I've kept this blog, on and off, since 2006. In 2015 I used it to chart daily encounters, images, thoughts and feelings about volcanic basalt/bluestone in Melbourne and Victoria, especially in the first part of the year. I plan to write a book provisionally titled Bluestone: An Emotional History, about human uses of and feelings for bluestone. But I am also working on quite a few other projects and a big grant application, especially now I am on research leave. I'm working mostly from home, then, for six months, and will need online sociability for company!

Thursday, January 08, 2015

My Year with Bluestone: Elvis's Birthday

When I used to live in North Carlton, I walked through the cemetery every morning, and in the old days (the last few years) when I used to ride to work, I would sometimes cycle along its paths. It's on highish ground, surrounded by low houses and parklands, and to the east you can look right across the suburbs towards the Dandenongs.

It is of course like a little city: its own roads, avenues, grand street frontages, ghettoes and slums.

But one of the most extraordinary monuments is that which was assembled in honour of Elvis Presley in 1977.  It was opened by 'Johnny O"Keefe.'  On anniversaries of Elvis's birth (today) and death, I have often seen people laying fresh flowers or bringing tape recorders or guitars and playing soft music.

I have enlisted Paul into this project, and his hi-res photos will appear in the book, but here are my quick snaps.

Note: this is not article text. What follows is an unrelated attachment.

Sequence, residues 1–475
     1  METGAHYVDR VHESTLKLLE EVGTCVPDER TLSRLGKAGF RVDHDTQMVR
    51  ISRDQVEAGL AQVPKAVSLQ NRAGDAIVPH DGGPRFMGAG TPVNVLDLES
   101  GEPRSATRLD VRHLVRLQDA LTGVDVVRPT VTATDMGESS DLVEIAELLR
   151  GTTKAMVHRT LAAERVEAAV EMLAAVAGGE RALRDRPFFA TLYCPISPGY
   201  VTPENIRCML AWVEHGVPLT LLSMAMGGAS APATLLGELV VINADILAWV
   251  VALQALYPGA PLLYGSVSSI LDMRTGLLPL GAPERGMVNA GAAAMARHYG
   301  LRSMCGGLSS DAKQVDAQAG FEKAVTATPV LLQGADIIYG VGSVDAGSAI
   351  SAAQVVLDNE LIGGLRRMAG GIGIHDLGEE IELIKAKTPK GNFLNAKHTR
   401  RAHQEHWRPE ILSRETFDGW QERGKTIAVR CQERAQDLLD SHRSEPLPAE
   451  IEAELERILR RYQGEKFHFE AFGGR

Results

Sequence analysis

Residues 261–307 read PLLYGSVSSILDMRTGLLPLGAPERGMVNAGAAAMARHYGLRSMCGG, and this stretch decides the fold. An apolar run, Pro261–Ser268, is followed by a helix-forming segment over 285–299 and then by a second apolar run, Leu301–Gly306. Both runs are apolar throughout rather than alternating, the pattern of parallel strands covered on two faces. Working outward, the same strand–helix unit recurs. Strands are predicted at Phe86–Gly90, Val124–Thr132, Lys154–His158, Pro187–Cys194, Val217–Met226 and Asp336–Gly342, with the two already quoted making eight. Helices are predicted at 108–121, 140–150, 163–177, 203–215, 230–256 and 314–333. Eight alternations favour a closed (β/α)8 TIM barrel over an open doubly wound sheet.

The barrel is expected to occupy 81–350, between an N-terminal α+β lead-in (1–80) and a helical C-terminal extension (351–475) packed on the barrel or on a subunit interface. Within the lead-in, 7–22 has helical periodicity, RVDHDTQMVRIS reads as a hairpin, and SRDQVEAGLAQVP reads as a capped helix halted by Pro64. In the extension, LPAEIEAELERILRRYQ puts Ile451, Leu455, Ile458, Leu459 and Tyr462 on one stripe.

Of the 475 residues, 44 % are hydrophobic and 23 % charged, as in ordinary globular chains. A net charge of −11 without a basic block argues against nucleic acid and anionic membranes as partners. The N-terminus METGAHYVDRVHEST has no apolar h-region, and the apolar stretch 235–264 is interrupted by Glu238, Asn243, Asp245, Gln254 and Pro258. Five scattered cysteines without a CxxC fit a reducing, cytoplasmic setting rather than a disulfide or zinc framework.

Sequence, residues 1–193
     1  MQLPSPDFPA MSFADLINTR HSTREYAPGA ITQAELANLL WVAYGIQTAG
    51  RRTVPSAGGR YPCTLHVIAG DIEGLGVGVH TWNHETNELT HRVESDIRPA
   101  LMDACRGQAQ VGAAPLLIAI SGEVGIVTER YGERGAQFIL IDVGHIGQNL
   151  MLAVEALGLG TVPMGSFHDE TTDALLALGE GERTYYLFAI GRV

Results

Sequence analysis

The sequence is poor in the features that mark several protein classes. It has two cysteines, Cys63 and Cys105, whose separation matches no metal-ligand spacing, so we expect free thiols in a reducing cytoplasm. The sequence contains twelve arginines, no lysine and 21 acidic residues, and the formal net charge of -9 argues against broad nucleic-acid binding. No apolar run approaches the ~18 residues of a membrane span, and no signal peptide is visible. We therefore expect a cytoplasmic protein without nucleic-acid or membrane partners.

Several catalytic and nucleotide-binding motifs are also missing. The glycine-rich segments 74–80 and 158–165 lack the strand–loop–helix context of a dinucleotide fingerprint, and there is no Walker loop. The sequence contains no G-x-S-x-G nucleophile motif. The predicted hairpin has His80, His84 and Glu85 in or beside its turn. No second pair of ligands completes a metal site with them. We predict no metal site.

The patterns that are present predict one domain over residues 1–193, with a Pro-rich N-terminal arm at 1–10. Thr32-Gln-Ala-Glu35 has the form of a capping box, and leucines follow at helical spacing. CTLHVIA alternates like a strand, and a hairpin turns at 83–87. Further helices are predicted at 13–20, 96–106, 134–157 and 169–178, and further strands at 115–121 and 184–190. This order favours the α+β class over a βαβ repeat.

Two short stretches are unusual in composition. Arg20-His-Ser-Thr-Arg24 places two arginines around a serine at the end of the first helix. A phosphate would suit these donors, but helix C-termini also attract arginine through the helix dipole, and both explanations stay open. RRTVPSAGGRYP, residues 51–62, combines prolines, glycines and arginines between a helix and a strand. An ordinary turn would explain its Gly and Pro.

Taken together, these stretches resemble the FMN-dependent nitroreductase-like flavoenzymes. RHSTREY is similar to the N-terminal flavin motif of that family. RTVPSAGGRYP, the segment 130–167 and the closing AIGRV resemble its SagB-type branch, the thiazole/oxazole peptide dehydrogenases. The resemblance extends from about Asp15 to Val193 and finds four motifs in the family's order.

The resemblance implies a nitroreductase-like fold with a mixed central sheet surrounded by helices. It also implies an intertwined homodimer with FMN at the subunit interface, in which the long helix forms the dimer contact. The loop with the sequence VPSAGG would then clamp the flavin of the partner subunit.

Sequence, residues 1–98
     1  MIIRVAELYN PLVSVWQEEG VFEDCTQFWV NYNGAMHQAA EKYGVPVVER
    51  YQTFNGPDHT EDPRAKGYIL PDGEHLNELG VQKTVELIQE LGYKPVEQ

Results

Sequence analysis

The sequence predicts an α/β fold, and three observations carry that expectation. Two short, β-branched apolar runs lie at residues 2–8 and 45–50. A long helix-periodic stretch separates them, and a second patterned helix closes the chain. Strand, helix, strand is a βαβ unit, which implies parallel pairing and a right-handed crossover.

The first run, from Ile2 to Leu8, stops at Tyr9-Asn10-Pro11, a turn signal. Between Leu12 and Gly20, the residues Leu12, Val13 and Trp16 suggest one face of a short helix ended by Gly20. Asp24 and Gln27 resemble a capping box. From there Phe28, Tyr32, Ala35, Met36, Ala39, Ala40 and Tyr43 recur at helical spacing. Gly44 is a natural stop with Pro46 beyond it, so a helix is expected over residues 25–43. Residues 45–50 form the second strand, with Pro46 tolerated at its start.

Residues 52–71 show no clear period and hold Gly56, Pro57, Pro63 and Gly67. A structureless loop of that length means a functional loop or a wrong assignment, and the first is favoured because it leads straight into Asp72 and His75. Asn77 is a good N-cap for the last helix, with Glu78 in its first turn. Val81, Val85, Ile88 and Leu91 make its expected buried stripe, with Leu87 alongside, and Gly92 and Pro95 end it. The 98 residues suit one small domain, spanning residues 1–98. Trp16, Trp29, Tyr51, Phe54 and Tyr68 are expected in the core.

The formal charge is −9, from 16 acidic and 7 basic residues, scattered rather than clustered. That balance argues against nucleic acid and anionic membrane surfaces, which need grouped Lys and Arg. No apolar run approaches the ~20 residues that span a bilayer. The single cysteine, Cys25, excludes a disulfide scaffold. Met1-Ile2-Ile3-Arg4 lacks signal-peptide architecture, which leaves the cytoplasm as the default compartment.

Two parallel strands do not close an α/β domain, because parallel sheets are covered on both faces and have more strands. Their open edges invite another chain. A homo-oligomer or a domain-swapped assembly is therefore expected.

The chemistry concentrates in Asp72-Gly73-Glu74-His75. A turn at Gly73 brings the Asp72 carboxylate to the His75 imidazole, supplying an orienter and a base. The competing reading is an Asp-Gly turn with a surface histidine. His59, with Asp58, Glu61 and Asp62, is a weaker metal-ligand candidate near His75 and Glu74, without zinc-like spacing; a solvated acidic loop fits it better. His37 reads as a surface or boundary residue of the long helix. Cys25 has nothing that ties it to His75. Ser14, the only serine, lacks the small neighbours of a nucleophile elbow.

The astute observer will point out that the actual monument is not bluestone at all but conventional black marble or granite (note to self: do quick course in stone identification), and as we wandered around the cemetery we realised it's only the older nineteenth-century tombs that are based on bluestone (more on this in another post). But the grotto that surrounds the monument is made of very uneven bluestone rocks, stuck together with cement, and at several points, the cement has been dribbled down to resemble limestone stalactites. 
For the first time I noticed there is another similar grotto (without memorial) on the other side of a big bluestone mausoleum (again, for another post). We took many, many photos of bluestone tombs and buildings today: I am going to have no trouble finding images to post each day this year. 

But here is indubitably a place of pilgrimage. Not many people there today, but we saw some laying fresh flowers, and placing cards. And while I don't have a photograph to prove it, as we were standing by the memorial, an old, bright red car cruised by. At the wheel, a man wearing a large plastic Elvis wig, dark glasses, and a bright orange leopard-skin shirt or jacket. Too fast to photograph. He drove around a bit but didn't stop to get out. I said "beautiful" to one woman who was laying pink and red carnations, and carefully arranging some red glittery butterflies, and a picture of Elvis in a plastic wrapper, but she didn't reply. Her husband (?) stood behind her, also without speaking, and a daughter (?) with high ponytail and white rhinestone boots sat quietly on the park bench and watched. 

There's a neat blog by Mark Holsworth on Melbourne shrines, that remarks on Melbourne's propensity for shrines to those who never visited here. Holsworth also comments that the Melbourne cemetery shrine is "the only officially approved Memorial to Elvis Presley outside Graceland in Memphis."

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